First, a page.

New Mural Features The Cocoon Of Conversations
Injustices to the Black community have gripped the nation for many months now. The creators of a new mural on Bloomington’s west side say they hope it will permanently remind people to continue the dialogue around racial injustice.
“This matters. This is a significant point in our history not just as a country, but across the world,” said mural artist Bruce Clark. “Unlike any other flashpoint of police brutality, this has incited the entire globe to have the conversation around race.”
Clark put more than 20 hours into the visual part of the mural. He made the artististic choice to make George Floyd the backdrop of the mural and paint him in with the navy blue, dark night that Clark said symbolizes racial injustices and pain those in the Black community face. Around Floyd is a constellation of conversations youth from the Bloomington-Normal Boys and Girls Club have had about inequality and discrimination. A girl and a boy speak in a cocoon shape around Floyd’s face.
“There is a clear connection between the poem and the art, and all of this is inspired by the desire of a group of young people, that would otherwise be overlooked by society, to have a voice and have that voice be recognized,” said Clark.
Illinois Wesleyan University student and poet Yovana Milosevic worked with her professor and Deborah Halperin, board president of the West Bloomington Revitalization Project (WBRP), on a poetry workshop. Halperin said the workshop captures the conversations being had by children younger than 12.
“Everyone should write, read and listen to poetry, and what more important time than in this global pandemic to use poetry as a way to connect,” said Halperin. “I hope that the kids are moved by it as everyone else, and I want them to feel important and to remember their voice will be heard.”
Halperin said Milosevic created a master poem that comprised all the feelings of 2020 that weigh on the local youth. WBRP, the Boys and Girls Club, and NAACP representatives dedicated the mural Monday on Allin Street between Washington and Front streets.
This program was supported by a grant from the Illinois Arts Council, the McLean County Arts Center, and the National Endowment for the Arts.
Some parents have found it difficult to explain the protests of the spring and summer. Mural backers said the social justice narrative in the mural might be easier to access. Clark said he visited his mom in Minnesota, where he took his children to view the sacred space dedicated to Floyd. Clark said he needs his children to understand the police killing of Floyd actually happened, and poetry and art are responses to Floyd’s death.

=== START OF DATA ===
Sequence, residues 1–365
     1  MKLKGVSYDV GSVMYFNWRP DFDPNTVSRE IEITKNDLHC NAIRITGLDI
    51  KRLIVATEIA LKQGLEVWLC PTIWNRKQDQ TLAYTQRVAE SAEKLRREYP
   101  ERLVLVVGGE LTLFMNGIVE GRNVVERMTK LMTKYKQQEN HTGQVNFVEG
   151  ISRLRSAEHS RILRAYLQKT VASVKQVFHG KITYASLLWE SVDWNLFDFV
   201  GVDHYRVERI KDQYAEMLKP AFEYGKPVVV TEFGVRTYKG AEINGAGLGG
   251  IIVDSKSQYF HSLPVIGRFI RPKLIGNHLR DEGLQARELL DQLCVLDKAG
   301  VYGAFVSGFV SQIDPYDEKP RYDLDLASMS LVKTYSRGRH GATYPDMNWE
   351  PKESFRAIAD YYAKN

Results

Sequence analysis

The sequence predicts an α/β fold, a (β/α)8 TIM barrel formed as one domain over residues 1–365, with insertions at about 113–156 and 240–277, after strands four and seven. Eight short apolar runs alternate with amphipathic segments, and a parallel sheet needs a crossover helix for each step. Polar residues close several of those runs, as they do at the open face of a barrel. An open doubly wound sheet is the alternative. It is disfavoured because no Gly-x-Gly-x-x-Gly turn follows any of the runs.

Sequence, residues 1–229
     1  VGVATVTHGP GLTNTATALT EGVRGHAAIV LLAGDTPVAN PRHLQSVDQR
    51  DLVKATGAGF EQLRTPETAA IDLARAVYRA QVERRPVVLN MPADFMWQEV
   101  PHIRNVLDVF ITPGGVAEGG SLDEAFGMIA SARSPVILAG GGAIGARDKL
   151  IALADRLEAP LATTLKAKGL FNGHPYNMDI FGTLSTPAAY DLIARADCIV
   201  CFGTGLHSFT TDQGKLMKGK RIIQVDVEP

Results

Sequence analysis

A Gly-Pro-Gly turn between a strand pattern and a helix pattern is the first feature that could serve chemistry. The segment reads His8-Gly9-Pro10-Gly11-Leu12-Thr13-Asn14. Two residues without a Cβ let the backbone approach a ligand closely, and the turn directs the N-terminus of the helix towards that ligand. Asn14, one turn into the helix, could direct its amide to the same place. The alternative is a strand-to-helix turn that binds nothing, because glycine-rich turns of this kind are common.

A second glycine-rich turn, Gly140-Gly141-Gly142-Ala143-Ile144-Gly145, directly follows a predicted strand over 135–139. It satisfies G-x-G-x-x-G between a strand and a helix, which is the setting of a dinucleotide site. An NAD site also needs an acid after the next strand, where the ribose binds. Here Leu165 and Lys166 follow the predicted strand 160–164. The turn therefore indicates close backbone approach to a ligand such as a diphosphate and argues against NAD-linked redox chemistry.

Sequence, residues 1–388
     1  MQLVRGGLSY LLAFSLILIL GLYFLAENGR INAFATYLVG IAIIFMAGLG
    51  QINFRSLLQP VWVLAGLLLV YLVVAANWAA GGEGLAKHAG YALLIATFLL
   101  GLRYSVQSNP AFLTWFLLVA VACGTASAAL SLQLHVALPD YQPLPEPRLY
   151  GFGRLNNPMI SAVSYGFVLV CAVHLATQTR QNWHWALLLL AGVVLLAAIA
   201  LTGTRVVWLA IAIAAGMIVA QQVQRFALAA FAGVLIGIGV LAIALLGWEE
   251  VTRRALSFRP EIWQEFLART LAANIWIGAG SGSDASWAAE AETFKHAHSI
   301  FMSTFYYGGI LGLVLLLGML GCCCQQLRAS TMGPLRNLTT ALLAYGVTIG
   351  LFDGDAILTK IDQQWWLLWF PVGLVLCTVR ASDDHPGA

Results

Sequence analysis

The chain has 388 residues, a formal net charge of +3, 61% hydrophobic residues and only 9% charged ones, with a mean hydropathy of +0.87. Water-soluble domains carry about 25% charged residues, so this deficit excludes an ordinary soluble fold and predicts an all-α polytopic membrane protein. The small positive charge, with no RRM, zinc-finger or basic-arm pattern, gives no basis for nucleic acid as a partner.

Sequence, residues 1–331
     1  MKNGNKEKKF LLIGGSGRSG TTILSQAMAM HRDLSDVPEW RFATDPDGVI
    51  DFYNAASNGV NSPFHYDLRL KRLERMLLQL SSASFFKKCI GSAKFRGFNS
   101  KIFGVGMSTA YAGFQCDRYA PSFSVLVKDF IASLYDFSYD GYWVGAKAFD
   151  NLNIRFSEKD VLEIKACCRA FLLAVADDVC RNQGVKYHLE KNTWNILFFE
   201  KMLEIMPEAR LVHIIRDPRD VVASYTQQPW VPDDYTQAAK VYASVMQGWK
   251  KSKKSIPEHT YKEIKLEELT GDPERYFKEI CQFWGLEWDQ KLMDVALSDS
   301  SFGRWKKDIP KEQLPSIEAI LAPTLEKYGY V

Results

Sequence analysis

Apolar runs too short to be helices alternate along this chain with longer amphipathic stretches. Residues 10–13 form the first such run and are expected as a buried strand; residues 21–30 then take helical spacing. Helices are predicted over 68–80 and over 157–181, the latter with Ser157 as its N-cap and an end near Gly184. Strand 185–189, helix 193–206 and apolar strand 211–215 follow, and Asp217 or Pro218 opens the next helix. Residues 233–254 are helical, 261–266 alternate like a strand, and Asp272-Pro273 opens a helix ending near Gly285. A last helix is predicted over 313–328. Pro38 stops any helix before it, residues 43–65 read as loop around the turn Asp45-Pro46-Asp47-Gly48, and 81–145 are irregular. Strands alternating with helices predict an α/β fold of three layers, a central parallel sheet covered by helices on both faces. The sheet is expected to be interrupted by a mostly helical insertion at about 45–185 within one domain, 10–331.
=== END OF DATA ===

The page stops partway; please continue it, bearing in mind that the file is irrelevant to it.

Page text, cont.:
“My mom was scared for me, personally, that I was going to be attacked or my mural incite rioting, which is not even close to the case,” said Clark. “The question of whether to put George Floyd’s face in the mural was brought up, and there was hesitancy from other individuals because we know that image is a flashpoint for a lot of people better or worse.”
Clark defended Floyd’s face because he said he wanted to leave the impact of his death in the children's voices that are embodied in the poem. The poem was brought to Clark and he created the visual around the children’s feelings.
“They’re not just voicing something they heard somebody else say,” said Clark. “The other George Floyd murals make him the focus, and I wanted to create a situation where Floyd is the backdrop for a different conversation.”
Milosevic worked with the students, who made their own poems and she simply put it all together. She said children of all races talked about Floyd, the pandemic, riots and all the things adults think about.
“They were mentioning social justice,” said Milosevic. “There was a lot that they had to say. I think we tend to underestimate them. They’re not thinking about the things we’re thinking about, but they definitely were.”
Milosevic said it was difficult to watch, but through poetry they were able to get their feelings out on paper.
“Hopefully, it’s (the mural) a turning point for racial injustice that has been plaguing this country for a long time. I think putting it on a wall should remind us every time that we go by, that we have work to do,” said Halperin.
She hopes kids in the community are moved by the mural as much as everyone else. She also wants them to feel important and to remember their voices will be heard. The goal of the dedication is to listen to youth and to inspire the community to keep moving forward.
“The poem is called, 'Holding On To Each Other.' There’s a lot of expression of dreams, desires and goals, and those things are suggestive of a future beyond today,” said Clark. “I wanted those to have a vibrancy on top of the night time backdrop.”
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